All of that merely exacerbated the feeling of despair when Iniesta sent an incredible first-time strike into the top corner with the outside of his boot, firing Barcelona into the final of the Champions League at Chelsea's expense.
Pep Guardiola's side went on to beat United in Rome, and Iniesta's strike has since been credited with kickstarting a dominant era for a team widely regarded as the greatest in club football history.
9. Sergi Roberto - Barcelona (vs. Paris Saint-Germain)
Barcelona have been on the wrong end of some incredible Champions League comebacks in recent years, but they pulled off arguably the best of the lot themselves in the 2016-17 last 16.
The Spanish giants seemed down and out even before the second leg began having slumped to a 4-0 defeat in Paris, yet hope was rekindled when they pulled it back to 4-3 on aggregate at Camp Nou.
However, their dreams of producing the biggest turnaround ever seen in the competition looked to be over once and for all when Edinson Cavani netted an away goal in the second half, making it 3-1 on the night, 5-3 on aggregate and leaving Barcelona needing three goals.
That was still the case in the 87th minute when even the most ardent supporter must have given up all hope, and even a stunning Neymar free kick only looked like a consolation until he added another from the penalty spot in the opening seconds of stoppage time.
Five minutes added-on time were signalled but the clock was closer to 96 minutes when Neymar turned provider, delivering the cross for Sergi Roberto's odds-defying aggregate winner which sent Camp Nou wild.
For pure drama few goals come close, but ultimately all it earned Barcelona was a place in the quarter-finals, where they were beaten by Juventus.
8. Troy Deeney - Watford (vs. Leicester City)
Few occasions consistently throw up dramatic moments more than the Championship playoffs, and Troy Deeney's strike against Leicester in 2013 is without doubt at the top of that long list.
The scores were level at 2-2 on aggregate deep into injury time, and extra time seemed inevitable until Anthony Knockaert won a questionable penalty for the visiting Foxes.
The winger insisted on taking the spot kick himself, only to be thwarted by Manuel Almunia, who made an even better second save immediately afterwards before Watford were finally able to clear the danger.
Just seconds later the ball was in the back of the net at the other end, with Deeney slamming a half-volley past the scrambling defence in the 97th minute to complete a jaw-dropping end to the game and book Watford's place in football's richest game.
Few moments in football history better encapsulate how quickly fortunes can change during a match, although ultimately both teams had to settle for another season in the Championship with Watford losing to Crystal Palace in the final at Wembley.
7. James Coppinger - Doncaster Rovers (vs. Brentford)
Incredibly, just two weeks prior to Deeney's heroics there was almost a carbon copy in the league below as promotion rivals Doncaster and Brentford met at Griffin Park on the final day.
The contest was a straight shootout for the second automatic promotion spot in League One, with Bournemouth having already clinched the first, and it was a winner-takes-all affair.
With 81 points to Brentford's 79, Doncaster were on course to go up until Brentford were awarded a penalty in stoppage time - score that and the Bees had secured promotion.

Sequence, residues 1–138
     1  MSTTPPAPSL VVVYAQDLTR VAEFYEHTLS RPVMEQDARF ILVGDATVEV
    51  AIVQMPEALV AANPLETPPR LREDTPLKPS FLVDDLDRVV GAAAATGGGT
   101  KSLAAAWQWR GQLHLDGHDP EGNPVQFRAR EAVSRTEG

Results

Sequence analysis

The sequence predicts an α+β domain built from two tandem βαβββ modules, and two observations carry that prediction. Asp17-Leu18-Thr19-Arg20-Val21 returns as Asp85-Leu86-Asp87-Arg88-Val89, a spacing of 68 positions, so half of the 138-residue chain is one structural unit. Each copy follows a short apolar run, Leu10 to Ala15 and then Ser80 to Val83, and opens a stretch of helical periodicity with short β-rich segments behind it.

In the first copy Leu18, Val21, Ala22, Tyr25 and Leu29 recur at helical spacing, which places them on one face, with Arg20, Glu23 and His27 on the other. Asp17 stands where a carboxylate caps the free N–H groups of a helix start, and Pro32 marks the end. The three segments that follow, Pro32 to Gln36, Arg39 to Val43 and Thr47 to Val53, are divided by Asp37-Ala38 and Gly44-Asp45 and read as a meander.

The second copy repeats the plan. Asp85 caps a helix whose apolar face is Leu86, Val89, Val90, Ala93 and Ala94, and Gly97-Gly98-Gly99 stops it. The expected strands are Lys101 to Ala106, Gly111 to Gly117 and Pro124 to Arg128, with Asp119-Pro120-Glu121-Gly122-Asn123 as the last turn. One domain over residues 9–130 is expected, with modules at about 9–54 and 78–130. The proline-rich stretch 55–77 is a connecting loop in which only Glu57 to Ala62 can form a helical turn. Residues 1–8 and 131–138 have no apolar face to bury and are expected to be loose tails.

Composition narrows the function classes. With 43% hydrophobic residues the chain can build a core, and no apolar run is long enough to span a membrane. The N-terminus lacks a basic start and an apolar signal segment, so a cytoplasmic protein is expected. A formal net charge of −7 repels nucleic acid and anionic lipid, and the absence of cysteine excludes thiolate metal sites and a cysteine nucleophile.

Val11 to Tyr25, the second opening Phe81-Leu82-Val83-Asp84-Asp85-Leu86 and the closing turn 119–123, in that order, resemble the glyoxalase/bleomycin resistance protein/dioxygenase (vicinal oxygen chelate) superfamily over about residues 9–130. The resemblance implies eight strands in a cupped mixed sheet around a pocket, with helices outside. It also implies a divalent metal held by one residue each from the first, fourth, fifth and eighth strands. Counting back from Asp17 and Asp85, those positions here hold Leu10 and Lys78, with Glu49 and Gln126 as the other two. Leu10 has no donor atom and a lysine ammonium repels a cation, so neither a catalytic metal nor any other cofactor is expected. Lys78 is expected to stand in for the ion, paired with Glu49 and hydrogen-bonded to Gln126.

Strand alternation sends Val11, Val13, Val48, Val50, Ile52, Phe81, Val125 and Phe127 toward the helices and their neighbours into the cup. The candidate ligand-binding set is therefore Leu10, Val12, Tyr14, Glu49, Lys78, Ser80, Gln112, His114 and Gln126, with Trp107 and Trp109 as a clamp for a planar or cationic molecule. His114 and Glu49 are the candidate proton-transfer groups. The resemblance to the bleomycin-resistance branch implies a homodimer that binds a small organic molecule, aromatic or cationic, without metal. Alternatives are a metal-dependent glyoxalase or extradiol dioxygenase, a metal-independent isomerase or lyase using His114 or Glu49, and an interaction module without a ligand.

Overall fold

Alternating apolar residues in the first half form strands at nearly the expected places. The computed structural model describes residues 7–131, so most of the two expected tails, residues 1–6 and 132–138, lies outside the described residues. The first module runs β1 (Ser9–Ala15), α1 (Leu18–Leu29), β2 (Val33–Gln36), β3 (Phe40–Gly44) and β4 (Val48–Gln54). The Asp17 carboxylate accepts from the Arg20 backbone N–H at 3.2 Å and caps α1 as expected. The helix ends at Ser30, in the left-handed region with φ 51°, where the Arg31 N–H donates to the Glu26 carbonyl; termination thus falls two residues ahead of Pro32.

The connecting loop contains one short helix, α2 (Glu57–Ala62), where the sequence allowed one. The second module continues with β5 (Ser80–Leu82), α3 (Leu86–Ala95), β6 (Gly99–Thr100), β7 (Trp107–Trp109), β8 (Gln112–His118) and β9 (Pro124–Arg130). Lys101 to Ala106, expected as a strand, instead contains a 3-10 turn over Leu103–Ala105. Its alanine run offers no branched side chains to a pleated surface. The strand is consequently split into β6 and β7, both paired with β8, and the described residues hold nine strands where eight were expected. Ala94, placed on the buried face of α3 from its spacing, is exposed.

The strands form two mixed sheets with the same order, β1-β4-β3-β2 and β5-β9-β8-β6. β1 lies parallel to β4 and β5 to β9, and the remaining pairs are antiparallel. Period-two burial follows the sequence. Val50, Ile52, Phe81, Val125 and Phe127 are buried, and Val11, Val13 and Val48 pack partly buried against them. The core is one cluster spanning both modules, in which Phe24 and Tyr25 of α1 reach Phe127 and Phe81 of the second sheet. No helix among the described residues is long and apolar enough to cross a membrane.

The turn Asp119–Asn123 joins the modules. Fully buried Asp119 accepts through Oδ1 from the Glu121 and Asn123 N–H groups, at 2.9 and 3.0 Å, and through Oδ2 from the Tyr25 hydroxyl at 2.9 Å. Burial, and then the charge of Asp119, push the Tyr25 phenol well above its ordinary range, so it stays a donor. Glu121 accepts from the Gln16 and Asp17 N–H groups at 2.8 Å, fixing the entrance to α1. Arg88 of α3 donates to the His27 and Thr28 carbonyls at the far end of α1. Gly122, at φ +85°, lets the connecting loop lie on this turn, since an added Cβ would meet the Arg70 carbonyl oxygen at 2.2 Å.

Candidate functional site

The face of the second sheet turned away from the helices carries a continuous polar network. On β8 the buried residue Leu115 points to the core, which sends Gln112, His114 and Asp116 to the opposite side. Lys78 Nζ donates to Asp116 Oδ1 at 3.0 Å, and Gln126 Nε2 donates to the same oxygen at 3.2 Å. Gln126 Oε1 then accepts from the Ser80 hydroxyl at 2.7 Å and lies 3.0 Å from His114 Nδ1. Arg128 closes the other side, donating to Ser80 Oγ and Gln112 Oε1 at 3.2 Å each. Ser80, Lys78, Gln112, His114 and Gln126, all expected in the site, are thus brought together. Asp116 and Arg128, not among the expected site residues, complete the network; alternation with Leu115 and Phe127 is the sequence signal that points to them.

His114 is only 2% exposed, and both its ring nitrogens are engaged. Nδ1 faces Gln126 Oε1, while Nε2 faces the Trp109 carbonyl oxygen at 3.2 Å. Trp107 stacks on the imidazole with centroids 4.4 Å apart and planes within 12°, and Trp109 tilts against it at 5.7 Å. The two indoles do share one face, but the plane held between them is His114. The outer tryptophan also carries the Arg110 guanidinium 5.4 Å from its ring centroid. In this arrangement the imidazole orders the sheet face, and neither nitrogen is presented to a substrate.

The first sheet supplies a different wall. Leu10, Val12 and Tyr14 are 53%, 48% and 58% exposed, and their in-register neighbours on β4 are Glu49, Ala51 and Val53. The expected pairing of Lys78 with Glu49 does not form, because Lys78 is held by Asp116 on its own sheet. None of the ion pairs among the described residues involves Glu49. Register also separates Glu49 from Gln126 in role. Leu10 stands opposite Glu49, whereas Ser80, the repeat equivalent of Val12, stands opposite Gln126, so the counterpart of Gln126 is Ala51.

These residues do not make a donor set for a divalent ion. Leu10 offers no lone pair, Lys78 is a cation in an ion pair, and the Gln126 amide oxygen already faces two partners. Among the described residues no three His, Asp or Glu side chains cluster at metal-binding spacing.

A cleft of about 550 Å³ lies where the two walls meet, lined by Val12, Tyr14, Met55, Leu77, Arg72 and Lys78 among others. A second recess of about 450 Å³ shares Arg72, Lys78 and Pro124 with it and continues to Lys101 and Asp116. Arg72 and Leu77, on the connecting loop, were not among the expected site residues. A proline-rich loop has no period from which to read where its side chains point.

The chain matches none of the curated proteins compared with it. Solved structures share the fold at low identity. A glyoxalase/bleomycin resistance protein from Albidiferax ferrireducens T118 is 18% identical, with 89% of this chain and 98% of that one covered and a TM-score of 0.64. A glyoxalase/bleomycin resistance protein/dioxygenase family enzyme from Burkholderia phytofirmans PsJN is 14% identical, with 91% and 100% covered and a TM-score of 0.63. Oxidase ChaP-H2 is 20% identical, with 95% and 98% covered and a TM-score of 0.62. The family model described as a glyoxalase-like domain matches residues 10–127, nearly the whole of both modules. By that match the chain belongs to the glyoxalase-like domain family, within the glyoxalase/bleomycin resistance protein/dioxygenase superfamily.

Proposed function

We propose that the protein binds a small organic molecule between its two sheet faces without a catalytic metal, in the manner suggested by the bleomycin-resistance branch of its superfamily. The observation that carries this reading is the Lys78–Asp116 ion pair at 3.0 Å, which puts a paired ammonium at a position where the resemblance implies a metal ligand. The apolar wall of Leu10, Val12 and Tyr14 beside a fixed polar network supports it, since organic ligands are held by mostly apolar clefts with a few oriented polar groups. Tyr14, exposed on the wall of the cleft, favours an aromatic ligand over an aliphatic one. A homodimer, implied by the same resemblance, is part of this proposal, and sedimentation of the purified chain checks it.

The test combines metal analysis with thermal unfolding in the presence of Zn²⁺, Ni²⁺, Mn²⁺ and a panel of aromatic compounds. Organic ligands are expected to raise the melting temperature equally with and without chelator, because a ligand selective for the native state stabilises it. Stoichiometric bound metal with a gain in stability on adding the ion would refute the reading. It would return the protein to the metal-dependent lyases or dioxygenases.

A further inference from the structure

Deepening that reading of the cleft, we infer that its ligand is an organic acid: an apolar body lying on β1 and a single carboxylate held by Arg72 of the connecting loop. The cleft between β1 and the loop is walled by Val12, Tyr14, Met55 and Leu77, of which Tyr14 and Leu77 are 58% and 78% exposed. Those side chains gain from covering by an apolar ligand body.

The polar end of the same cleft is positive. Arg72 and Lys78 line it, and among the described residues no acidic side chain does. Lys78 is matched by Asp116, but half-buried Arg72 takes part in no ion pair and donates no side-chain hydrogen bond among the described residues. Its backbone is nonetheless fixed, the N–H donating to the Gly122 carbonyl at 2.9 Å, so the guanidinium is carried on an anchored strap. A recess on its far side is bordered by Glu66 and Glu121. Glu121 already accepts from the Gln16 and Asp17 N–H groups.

Fulham loanee Marcello Trotta took the ball off the usual penalty taker Kevin O'Connor in scenes eerily similar to what would follow at Vicarage Road a couple of weeks later, but proceeded to cannon his spot kick against the crossbar.
Within seconds, Doncaster had broken up the other end and poured salt in the wound by scoring through James Coppinger, whose goal not only wrapped up promotion but also the League One title with Bournemouth having failed to win their final game of the season.
The Championship playoffs is certainly higher stakes than that, but the decisiveness of this goal in terms of the season as a whole is enough to see it rank just above Deeney's more famous strike.
6. Lucas Moura - Tottenham Hotspur (vs. Ajax)
One night after Liverpool had pulled off an historic Champions League comeback against Barcelona at Anfield, Tottenham ensured an all-English final by producing arguably even more dramatic scenes in Amsterdam.
Ajax won the first leg in North London to leave themselves in command of the tie at the halfway stage, and they had one foot firmly in the final when Matthijs de Ligt gave them a lead after only five minutes of the second leg.
Hakim Ziyech's strike 10 minutes before half time then left Spurs needing three away goals without reply in the second half to progress - something which looked nigh-on impossible against a swashbuckling Ajax side that had already beaten Real Madrid and Juventus en route to the semi-finals.
Lucas Moura gave them hope with one back 10 minutes after the interval and then restored belief with a quickfire second, but it was Ajax who were still on course to meet Liverpool in Madrid when the clock went red.
However, literally the second the full five minutes of allotted injury time had elapsed, Lucas completed his hat-trick and with it another Champions League comeback for the ages.
Spurs went on to lose to Liverpool in the final, but in getting there had given their fans arguably the most memorable moment in the club's entire history.
5. Patrik Andersson - Bayern Munich (vs. Hamburg)
Long before 'Agueroooooooooo' there was Patrik Andersson, who sealed the Bundesliga title for Bayern Munich in remarkably similar fashion to Man City 11 years later.
Bayern went into the final match of the season expecting to clinch the league trophy for the third successive campaign, sitting as they were three points clear of second-placed Schalke 04 and facing a Hamburger side only a couple of places above the relegation zone but already safe from the drop.
The defending champions would have to lose and Schalke would need to beat Unterhaching for the Gelsenkirchen outfit to win the title for the first time since 1958.
Schalke were keeping up their end of the bargain with a 5-3 lead over their relegated opponents, and then they received the news they had been hoping for: Hamburg had scored in the 90th minute to take the lead against Bayern.